Long Island Serial Killer Weighs in on Other Possible Long Island Serial Killer, and Other Updates

Suffolk County police are still are still looking into the four bodies they found near Oak Beach this week. Some new details -- and theories -- surrounding the case have already begun to emerge. The FBI is now involved, and the Daily News, hot on the scandal's trail, talked to a serial killer, ahem, expert. More, after the jump.

• The FBI's New York field office "offered assistance" on the case yesterday. Agents met  with police and county officials to "map a plan for what promises to be a complicated investigation." [Newsday]

• Theories that it might be the work of a serial killer are running rampant, especially now that police have identified all four remains as women. So the Daily News interviewed a Staten Long Island serial killer who killed 17 prostitutes in four years to get his insight: "Rifkin, 51, said cops looking for the Oak Beach killer should probably focus on white men, aged 18 to 45, but acknowledged the magnitude of that challenge. 'That's like half the country,' he said." He also said the killer should've spread the bodies out better: "I dumped them hundreds of miles apart." [NYDN]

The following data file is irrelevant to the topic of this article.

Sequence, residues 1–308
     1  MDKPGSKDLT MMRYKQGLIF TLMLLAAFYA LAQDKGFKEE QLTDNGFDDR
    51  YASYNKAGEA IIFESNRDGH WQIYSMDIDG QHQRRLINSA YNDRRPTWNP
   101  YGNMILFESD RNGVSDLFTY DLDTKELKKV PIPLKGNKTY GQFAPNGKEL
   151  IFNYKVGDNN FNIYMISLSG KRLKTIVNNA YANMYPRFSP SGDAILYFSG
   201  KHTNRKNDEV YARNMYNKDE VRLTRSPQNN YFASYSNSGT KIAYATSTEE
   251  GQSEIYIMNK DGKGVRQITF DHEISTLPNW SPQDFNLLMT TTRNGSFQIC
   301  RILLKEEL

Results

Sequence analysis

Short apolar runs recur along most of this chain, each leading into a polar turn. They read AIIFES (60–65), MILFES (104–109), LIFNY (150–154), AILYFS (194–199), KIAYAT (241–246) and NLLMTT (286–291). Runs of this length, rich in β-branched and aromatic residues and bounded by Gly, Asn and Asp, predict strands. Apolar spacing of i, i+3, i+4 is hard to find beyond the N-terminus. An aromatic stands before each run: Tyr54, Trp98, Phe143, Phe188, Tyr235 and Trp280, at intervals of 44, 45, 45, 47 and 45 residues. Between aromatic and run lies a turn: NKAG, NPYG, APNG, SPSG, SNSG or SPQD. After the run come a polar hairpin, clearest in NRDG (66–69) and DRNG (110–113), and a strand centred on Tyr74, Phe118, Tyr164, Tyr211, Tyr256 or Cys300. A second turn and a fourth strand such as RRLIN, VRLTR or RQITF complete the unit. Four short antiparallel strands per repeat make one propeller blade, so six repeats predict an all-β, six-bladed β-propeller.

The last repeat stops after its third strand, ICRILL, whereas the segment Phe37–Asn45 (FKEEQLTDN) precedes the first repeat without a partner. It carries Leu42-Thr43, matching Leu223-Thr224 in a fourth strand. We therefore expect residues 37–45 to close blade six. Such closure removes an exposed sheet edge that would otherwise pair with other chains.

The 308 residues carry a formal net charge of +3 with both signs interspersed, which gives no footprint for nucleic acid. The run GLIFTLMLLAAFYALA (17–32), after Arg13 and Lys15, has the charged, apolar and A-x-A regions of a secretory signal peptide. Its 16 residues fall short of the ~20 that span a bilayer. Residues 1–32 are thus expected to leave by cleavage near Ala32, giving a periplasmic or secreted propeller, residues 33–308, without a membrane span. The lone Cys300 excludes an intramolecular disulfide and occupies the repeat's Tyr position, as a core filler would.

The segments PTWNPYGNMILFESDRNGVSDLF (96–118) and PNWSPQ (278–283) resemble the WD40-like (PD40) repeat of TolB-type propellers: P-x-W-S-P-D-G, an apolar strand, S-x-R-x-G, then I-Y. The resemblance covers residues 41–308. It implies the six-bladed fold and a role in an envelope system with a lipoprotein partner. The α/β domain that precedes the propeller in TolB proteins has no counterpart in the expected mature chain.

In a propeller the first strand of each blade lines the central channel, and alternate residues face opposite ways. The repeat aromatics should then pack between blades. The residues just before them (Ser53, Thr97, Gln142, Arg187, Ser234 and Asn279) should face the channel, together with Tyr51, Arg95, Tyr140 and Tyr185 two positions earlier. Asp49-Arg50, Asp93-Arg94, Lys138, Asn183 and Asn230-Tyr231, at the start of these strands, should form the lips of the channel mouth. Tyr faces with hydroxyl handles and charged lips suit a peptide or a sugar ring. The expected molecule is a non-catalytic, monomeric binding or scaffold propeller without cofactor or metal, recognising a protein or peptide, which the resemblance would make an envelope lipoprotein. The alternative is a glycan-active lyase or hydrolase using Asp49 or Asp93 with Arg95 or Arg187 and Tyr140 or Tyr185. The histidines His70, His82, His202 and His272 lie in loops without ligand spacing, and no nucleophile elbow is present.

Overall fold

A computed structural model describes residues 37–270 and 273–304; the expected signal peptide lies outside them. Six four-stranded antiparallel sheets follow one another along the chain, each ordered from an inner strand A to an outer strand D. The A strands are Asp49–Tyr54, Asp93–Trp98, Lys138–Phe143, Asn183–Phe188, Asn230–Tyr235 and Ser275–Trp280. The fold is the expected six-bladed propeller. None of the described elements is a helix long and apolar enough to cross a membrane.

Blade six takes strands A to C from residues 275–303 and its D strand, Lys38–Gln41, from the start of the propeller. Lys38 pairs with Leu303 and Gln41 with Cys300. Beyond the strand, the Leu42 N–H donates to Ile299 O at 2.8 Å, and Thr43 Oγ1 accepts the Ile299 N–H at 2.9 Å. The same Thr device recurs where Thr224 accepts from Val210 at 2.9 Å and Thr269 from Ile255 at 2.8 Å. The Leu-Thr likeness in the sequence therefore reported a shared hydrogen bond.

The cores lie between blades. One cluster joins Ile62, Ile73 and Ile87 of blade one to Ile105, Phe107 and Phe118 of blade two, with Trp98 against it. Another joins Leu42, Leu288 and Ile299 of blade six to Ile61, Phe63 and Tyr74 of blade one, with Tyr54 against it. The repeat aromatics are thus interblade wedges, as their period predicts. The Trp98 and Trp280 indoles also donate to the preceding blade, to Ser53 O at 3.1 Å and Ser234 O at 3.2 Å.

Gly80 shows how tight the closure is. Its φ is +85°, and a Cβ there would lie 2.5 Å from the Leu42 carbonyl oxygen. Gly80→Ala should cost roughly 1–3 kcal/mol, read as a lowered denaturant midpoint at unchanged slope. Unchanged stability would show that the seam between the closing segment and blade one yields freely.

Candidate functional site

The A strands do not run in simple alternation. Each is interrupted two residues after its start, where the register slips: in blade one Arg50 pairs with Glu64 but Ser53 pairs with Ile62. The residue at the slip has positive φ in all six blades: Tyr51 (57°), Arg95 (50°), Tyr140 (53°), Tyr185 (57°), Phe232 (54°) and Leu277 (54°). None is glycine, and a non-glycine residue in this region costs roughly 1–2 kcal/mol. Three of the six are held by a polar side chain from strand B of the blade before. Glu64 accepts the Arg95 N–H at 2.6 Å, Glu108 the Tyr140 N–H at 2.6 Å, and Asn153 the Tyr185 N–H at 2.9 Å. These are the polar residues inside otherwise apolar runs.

• Police and FBI agents "swarmed" a Long Island man's home, who they think was last seen with missing Jersey City, N.J. prostitute Shannan Gilbert. They were searching for the missing girl when they came upon the other remains.  [NYP]

• Police are launching another search today for more bodies. "We wouldn't be out here if we didn't think there was a chance something would turn up," one cop told the Daily News. The NYC medical examiner is also helping identify the current set of remains, and one body has reportedly "already been shipped into Manhattan." [NYDN]

• Police in New Jersey's Atlantic County say the Oak Beach discovery reminds them of their own beachside serial killer dumping ground when they found four women dead in November of 2006. [SNT]

• The New York Times, meanwhile, takes a more CSI-approach and talks to forensic experts, looking at how investigators might try to string together the victims and solve the Suffolk County serial killer case. [NYT]


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